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Ladybugs are invading my home. How do I get rid of ladybugs?
Actual reader question: "We have small bugs which look like ladybugs in our kitchen up under the floor counters behind the kick board. I have used bombs and spray to get rid of them and they are still with us. Do I need to remove the counters from the wall? Like I said, they are smaller than a ladybug but look alike."
Answer: I cannot be certain of what your insect species is without looking at a picture, however; based on the time of year this question was asked (late June) I would have to throw a guess and say this is probably Multi-colored Asian lady beetles. These little Asian ladybugs are notorious for invading homes starting in late summer and through October but this can vary by area depending on climate. They also take on a variety of colors and patterns, though I have not heard of their size varying greatly.
As far as getting rid of Asian ladybugs, vacuuming them up seems to be the cleanest and safest weapon of choice. You should probably empty your vacuum promptly after sucking the little critters up because if they survive the process they will inevitably find a way to crawl out.
Prevent future invasions by sealing up every nook and cranny with caulk on your windows, doors and siding. This may not seem practical but we successfully did this with an ant problem.
Also spraying areas of entry with non-toxic mint oil or menthol have been successful in deterring ladybugs.
I don't know if you have children or pets so I don't advise this technique unless you know they will be out of harms way (and you have a serious infestation) but borax (boric acid) is a natural ladybird pesticide. And could be placed in areas where ladybirds are entering.
Have you ever seen mutant ladybugs?
Actual reader question: "Hello! I enjoyed reading through all the information that you have gathered on this site. I've also observed ladybugs in my own yard for many years. This spring, I have noticed for the first time, several mature beetles that are missing most of the right side of their shells. Have you come across this before?"
Answer: I have come across ladybugs similar to this once in a while and seen photographs of fully developed ladybugs that had mishappen or malformed elytra (outer wings). Everything I have researched seems to indicate that this is either a ladybug with a birth defect or an unfortunate mutation.
From an agricultural stand point I know that scientists have actually worked on genetically engineering ladybugs that couldn't fly so they couldn't leave crops. Kind of sad I think. However I think this deals with modifying the ladybug's inner wing.
I would be very interested to see pictures of your curious ladybugs. You are welcome to contribute some in our photography section.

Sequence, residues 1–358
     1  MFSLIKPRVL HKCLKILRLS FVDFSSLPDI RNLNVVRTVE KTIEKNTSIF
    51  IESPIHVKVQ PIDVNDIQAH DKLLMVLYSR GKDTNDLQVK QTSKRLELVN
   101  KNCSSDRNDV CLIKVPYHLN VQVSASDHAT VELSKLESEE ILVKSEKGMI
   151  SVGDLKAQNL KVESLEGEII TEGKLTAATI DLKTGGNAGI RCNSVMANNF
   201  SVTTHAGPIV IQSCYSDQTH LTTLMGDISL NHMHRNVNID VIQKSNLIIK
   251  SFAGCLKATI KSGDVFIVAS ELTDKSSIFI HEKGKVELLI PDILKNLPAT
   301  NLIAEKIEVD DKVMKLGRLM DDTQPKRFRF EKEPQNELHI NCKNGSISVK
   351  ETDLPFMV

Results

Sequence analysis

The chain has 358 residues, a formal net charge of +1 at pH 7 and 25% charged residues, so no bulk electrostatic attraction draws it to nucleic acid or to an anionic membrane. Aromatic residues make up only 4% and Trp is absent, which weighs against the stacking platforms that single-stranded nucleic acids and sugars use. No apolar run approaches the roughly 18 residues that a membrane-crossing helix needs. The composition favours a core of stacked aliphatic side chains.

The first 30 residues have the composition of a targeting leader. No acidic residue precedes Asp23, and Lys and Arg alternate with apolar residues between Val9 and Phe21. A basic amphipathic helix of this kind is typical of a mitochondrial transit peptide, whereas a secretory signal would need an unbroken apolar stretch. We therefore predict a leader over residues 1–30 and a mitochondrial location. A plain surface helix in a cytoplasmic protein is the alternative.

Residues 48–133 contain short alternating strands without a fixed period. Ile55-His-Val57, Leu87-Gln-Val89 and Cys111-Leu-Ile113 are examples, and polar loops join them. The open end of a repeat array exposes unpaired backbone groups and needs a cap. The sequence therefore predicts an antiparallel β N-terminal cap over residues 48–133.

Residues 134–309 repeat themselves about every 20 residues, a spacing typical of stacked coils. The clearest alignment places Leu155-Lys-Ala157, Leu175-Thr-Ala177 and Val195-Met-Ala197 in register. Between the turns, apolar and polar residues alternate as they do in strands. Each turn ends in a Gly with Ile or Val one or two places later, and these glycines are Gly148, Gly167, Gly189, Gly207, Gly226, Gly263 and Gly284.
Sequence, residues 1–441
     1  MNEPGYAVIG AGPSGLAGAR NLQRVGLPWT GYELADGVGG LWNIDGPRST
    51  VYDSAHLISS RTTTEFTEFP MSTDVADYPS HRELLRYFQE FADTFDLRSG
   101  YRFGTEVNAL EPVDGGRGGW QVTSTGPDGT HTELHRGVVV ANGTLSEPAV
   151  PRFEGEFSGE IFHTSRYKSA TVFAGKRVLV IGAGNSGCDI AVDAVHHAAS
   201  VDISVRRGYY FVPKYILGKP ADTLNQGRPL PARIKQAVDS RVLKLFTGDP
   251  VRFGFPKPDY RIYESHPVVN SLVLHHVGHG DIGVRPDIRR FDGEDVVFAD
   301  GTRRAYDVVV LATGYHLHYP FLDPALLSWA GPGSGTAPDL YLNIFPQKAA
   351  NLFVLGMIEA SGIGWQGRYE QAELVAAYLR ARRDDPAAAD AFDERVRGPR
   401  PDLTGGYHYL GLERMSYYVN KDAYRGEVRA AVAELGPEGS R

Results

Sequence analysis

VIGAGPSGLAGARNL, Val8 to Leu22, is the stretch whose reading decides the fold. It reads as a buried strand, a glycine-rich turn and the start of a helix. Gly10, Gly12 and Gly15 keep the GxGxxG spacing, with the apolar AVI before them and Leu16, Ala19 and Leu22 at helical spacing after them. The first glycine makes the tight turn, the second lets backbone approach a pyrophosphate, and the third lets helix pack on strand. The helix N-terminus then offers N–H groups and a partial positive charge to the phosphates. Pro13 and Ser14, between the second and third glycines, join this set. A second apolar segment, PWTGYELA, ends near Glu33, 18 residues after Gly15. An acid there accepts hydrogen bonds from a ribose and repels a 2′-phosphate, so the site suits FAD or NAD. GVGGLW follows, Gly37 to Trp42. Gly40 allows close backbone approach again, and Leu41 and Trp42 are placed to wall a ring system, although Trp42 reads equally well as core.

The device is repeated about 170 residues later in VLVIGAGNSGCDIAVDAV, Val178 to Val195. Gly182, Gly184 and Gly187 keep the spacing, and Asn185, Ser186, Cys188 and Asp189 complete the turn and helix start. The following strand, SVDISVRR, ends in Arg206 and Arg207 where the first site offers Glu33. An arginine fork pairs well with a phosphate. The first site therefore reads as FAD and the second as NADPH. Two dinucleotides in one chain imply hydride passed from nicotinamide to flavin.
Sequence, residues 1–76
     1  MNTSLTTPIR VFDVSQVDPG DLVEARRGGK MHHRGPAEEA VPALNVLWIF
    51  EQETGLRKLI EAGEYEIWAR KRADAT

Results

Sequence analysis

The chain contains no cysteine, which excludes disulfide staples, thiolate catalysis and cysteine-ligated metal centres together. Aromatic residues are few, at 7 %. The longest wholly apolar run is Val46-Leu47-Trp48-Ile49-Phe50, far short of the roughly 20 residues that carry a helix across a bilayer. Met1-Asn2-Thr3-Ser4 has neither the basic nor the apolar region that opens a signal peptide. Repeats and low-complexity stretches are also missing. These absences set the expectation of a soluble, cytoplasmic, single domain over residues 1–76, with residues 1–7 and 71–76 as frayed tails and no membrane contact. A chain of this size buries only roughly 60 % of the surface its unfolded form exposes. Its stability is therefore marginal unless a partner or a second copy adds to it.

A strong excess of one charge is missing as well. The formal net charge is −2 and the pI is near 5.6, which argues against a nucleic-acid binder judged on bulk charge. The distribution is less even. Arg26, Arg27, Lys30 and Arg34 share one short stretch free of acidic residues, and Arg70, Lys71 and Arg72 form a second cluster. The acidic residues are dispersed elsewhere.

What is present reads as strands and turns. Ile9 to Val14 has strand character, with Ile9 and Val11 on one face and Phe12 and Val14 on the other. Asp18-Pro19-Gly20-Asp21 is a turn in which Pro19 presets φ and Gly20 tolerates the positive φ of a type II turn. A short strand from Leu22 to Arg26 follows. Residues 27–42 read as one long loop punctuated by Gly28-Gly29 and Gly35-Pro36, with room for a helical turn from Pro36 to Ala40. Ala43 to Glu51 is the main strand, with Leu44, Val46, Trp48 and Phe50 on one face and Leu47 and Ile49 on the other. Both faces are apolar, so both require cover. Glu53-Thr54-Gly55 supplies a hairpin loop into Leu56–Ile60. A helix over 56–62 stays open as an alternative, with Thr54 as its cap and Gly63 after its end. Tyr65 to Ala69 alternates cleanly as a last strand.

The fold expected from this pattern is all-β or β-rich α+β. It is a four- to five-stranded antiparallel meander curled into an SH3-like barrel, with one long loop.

Our photo contributor section: http://www.everything-ladybug.com/ladybug-contribute-photo.html
Thanks so much for sharing this!
Are there harmful insects that *look* like ladybugs (and the larvae also)?
Actual reader question: "Are there harmful insects that *look* like ladybugs (and the larvae also)? I have what I had always assumed were not ladybugs in my backyard, and this time of year, the ugly black and yellow larvae are all over the place. or, might i have the real deal, and didn't realize it? Thanks in advance (central California)."
Answer: I don't know of any harmful insects off hand that look like a conventional ladybug. I know of some imposters that are not local to California, for example: Clytra atraphaxidis (found in Europe - see picture below). But with so many species of ladybug their larvae can vary in color and appearance signifigantly.
We are in central northern California and all the ladybug species we have found tend to have larvae that are black and grey or black and orange/yellow in color (see some pictures below of different ladybug larvae). This time of year ladybugs are mating and larvae are hatching and spreading in gardens and weed patches in California. If you are seeing tons of these little larvae and ladybugs as well, it is most likely the real deal going through the ladybug lifecycle.
Why are ladybugs attracted to light?
Actual Reader Question: "One question about ladybugs -- I get them in my room which I love, but they go into my lamp and I find their little dead bodies. Do they go to the light to die? Or is it because they cant get out and the light provides them heat? Is there anyway I can keep them from dying?."
Answer: Well you are right about ladybugs needing heat. Ladybug's are ectothermic or cold-blooded in a sense. They rely on heat from their enviroment to keep them warm. However, currently the most sound theory suggests that they are mistaking the light for the sun, as do many other insects such as moths, who use the sun as a source of navigation. They key here being that a ladybug can't actually fly into the sun. The best way to prevent this from happening is to prevent them from getting in your house which is addressed in a question above. In the image to the left researchers are using a light trap to catch ladybugs. Read more techniques on how to catch ladybugs on this page.
Ladybugs are in a great abundance right now (Autumn) outside. What does this mean?
Being october, ladybug species congregate together to hibernate. A lot of time in our area the convergent ladybug, hippodamia convergens can be seen huddled together on trees in winter time. In the picture to the left is an example of the hippodamia convergens hibernating in Soberanes Canyon, Garrapata State Park.
In addition to trees they can be can be found on rocks, plant debris, weeds and grasses and will also huddle in mass on light colored houses. Why do they do this? Light colored houses reflect heat.